In general, ḥasidic Jews tend to look askance at academic Jewish studies, even when its practitioners are pious Jews. Thus Joshua Berman, an Orthodox rabbi and professor of Bible, was taken aback when a small group of Satmar Ḥasidim approached him to give an online seminar on his recent book on biblical criticism and Jewish faith (an extract can be read here, and Berman discussed the book on our podcast here). The five participants were not heretics-in-the-making, but simply eager to expand their intellectual horizons:
These men . . . are a stark contrast to the [usual] stereotype of ultra-Orthodox Jews [as] narrowminded individuals who eschew critical thinking and scientific evidence, treating as gospel every word of their community leader. These are men in their thirties who are happily raising families, working as accountants and as manufacturers and living in full devotion to their community and its interpretation of Jewish tradition and Jewish belief. But today, even behind the highest walls, the Internet seeps in. They seek to understand the complexity of the world they inhabit and make greater sense of their place in it.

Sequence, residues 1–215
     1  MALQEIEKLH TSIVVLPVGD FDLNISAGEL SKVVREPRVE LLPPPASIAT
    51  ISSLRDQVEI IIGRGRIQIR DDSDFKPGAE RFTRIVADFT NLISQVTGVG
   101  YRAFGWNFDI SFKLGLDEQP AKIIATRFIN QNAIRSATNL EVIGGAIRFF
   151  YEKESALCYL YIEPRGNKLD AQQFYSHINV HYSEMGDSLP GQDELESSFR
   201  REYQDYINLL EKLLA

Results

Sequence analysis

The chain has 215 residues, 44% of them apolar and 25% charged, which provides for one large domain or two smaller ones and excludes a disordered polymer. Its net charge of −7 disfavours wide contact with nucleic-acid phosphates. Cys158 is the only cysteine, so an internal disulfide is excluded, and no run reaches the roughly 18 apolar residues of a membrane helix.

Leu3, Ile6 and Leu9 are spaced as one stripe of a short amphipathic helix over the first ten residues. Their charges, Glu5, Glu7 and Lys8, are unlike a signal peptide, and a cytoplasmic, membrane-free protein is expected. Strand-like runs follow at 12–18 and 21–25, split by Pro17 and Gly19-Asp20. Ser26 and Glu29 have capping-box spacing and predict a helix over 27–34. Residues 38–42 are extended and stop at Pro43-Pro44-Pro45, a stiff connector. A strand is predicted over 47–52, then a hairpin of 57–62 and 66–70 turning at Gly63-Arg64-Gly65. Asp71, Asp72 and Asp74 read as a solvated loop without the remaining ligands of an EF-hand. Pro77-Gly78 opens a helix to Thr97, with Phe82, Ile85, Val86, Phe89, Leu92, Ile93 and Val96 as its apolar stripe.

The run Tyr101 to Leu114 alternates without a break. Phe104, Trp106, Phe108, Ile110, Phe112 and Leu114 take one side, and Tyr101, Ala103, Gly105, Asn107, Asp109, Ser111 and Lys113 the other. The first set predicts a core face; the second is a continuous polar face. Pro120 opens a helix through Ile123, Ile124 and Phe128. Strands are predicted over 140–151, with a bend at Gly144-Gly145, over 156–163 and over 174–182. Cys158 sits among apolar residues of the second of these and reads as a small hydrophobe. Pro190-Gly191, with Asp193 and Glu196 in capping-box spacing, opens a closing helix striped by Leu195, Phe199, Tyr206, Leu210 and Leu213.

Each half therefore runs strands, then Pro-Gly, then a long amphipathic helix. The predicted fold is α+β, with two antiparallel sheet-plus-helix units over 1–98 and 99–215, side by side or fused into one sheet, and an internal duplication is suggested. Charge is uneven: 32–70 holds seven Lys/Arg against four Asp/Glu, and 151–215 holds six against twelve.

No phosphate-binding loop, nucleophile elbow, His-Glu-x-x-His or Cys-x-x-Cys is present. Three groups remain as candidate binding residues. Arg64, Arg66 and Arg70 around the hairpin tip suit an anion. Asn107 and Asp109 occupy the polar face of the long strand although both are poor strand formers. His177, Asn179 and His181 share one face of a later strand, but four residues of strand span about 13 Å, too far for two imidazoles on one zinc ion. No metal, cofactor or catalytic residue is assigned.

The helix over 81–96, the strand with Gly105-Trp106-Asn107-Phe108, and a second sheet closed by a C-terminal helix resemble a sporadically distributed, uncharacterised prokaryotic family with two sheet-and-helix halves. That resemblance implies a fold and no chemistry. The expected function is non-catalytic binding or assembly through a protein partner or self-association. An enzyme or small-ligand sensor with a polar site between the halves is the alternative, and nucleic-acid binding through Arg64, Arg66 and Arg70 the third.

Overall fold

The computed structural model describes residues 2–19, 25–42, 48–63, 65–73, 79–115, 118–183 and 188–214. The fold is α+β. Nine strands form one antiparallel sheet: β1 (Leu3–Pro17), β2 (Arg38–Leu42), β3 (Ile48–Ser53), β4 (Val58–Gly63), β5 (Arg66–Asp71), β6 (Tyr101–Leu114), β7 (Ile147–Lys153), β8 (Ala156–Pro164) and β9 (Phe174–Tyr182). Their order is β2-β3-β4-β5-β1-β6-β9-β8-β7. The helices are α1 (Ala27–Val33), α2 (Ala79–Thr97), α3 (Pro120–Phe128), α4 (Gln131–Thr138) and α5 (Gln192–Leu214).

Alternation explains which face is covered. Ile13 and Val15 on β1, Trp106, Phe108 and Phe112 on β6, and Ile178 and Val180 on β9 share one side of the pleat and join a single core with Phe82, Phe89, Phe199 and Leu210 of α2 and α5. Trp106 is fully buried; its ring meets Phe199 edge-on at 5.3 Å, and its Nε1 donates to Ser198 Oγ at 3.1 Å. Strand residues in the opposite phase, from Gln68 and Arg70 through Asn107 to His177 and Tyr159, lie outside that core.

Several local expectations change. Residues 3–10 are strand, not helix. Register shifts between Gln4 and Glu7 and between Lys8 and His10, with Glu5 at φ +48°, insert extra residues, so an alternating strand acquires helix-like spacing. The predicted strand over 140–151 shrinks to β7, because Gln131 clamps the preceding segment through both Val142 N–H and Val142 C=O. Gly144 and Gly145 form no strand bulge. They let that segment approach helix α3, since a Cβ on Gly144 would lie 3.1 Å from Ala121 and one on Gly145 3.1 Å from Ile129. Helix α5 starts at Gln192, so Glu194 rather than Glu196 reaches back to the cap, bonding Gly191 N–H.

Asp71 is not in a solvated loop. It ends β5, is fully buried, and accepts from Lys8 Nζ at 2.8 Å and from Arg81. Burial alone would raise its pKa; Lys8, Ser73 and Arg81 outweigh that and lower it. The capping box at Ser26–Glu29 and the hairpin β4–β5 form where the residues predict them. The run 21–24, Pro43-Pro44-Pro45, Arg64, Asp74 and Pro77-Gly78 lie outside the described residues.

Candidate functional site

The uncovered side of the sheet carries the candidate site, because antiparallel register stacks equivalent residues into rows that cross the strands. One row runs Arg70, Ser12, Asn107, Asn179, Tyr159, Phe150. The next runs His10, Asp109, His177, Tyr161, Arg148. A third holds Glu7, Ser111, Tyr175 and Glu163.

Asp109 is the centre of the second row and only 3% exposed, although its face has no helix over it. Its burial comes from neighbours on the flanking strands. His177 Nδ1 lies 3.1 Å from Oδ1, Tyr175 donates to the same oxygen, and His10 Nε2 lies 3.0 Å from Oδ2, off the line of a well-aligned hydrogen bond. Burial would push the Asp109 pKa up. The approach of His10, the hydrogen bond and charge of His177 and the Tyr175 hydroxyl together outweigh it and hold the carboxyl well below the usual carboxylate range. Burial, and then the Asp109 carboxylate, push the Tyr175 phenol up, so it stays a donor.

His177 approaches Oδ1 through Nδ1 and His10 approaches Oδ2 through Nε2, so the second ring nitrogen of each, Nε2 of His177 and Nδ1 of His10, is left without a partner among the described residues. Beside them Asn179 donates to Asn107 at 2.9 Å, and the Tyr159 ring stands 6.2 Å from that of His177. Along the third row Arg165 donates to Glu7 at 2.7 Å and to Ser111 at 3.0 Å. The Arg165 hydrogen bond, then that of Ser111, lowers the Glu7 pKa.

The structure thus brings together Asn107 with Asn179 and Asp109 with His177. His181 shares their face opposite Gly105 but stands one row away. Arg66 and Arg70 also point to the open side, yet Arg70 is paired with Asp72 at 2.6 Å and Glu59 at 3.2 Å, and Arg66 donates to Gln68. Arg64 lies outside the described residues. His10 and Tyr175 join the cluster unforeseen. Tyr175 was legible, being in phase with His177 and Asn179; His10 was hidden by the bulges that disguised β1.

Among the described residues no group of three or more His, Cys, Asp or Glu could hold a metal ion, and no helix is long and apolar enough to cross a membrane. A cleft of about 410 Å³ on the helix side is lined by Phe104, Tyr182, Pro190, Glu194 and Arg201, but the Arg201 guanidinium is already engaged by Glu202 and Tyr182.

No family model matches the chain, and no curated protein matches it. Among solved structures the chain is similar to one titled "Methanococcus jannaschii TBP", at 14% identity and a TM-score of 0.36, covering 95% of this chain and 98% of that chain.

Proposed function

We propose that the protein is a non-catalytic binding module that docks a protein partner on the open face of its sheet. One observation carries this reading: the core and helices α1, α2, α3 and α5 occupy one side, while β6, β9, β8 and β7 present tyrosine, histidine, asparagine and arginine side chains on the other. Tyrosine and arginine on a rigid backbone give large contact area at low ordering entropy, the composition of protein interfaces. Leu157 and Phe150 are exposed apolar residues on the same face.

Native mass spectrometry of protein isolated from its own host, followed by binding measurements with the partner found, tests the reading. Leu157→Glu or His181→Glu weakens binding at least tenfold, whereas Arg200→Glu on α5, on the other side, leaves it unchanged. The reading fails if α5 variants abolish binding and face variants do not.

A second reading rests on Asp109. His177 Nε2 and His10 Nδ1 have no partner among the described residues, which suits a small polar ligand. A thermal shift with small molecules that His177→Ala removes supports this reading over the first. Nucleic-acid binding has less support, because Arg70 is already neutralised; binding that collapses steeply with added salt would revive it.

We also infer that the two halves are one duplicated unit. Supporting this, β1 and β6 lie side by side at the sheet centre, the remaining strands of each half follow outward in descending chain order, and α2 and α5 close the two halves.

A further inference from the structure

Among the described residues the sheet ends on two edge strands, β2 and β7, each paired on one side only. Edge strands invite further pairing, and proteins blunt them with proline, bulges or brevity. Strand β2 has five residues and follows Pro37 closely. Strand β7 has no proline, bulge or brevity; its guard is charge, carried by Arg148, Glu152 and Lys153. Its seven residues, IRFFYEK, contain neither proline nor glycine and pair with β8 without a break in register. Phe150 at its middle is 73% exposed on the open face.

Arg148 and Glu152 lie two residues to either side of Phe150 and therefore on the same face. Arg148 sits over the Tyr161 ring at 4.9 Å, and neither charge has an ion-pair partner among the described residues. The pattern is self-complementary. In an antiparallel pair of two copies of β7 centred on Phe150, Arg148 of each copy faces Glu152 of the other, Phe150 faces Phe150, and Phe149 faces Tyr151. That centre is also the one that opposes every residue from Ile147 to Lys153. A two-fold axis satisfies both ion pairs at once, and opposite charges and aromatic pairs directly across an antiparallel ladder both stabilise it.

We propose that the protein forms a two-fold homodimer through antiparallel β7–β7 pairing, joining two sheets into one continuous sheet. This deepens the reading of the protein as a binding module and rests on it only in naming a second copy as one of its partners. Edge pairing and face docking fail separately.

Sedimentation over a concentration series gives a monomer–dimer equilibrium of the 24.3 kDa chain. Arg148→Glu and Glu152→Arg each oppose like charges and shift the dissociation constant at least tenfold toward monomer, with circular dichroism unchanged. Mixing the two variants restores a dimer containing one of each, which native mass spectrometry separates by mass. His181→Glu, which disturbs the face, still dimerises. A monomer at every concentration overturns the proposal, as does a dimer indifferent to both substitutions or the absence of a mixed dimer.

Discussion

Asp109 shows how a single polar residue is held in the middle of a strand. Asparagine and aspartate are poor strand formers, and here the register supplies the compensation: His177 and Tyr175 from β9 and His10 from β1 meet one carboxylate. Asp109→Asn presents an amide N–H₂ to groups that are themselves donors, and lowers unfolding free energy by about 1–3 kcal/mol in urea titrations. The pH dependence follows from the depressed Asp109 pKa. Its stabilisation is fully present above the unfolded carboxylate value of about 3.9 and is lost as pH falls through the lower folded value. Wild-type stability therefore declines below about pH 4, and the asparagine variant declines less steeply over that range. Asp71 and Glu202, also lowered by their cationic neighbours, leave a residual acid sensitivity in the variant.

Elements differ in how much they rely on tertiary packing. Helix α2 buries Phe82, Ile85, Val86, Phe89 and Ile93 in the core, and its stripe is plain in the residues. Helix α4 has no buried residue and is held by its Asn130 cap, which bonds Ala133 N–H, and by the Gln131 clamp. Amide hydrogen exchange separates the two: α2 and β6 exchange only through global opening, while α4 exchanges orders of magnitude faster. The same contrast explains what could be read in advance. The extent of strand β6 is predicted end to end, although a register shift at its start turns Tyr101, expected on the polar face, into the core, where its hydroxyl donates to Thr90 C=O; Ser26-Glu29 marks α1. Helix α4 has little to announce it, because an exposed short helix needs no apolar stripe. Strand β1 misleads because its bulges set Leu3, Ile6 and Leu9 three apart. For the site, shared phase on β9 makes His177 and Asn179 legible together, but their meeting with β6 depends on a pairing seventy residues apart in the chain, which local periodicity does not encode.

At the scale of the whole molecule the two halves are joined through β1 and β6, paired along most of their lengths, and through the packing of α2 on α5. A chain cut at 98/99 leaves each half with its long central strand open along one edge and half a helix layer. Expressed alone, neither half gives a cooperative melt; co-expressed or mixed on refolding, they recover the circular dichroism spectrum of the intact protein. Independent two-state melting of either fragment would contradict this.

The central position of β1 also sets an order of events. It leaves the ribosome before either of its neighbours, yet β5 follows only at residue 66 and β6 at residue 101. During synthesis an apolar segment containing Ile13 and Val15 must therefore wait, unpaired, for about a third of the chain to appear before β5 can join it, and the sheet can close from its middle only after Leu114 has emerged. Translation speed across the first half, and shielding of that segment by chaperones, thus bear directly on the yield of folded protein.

At their initiative, we touched on the writings of Alan Dershowitz, James Kugel [another professor of Bible], and the Princeton scholar of modern Jewish thought Leora Batnitzky. For nearly two hours we engaged questions such as, are the Jews a nation or a religion? Are the biblical portraits of the patriarchs historically true? What are the limits of what a Jew must believe?
This is all quite extraordinary. There are individuals of many stripes who read widely to gain a greater appreciation of the world we live in and to find their place in it. But it is rare, indeed, to find a community of people who pursue this together and without the social and institutional structures to tell them that this is expected, or even virtuous. And it is all the more remarkable that they are engaged in this common pursuit at that busiest stage of life, while raising small children and working. At the University of Chicago, Allan Bloom famously decried the closing of the American mind. Who would have thought that its awakening in a communal setting would happen in the Satmar confines of Williamsburg?